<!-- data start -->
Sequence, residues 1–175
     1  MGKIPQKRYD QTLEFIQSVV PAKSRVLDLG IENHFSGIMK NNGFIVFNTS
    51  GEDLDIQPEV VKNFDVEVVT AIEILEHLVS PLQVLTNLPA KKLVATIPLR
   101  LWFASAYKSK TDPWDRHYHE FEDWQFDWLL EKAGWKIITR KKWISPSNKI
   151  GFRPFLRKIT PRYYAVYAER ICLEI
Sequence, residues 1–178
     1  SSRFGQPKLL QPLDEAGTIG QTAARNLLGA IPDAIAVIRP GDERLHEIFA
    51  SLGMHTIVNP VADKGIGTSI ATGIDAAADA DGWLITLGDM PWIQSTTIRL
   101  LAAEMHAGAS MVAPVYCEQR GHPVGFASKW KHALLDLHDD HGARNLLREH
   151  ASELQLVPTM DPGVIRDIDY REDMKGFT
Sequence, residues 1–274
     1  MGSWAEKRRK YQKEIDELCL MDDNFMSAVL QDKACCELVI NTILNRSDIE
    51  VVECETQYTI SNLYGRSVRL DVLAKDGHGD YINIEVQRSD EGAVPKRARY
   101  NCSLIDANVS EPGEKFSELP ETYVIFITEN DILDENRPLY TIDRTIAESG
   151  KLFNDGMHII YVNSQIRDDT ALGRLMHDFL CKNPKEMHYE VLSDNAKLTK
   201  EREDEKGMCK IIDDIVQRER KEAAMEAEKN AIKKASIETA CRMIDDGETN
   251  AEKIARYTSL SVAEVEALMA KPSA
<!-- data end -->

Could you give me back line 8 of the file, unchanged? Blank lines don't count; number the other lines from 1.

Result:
    51  SLGMHTIVNP VADKGIGTSI ATGIDAAADA DGWLITLGDM PWIQSTTIRL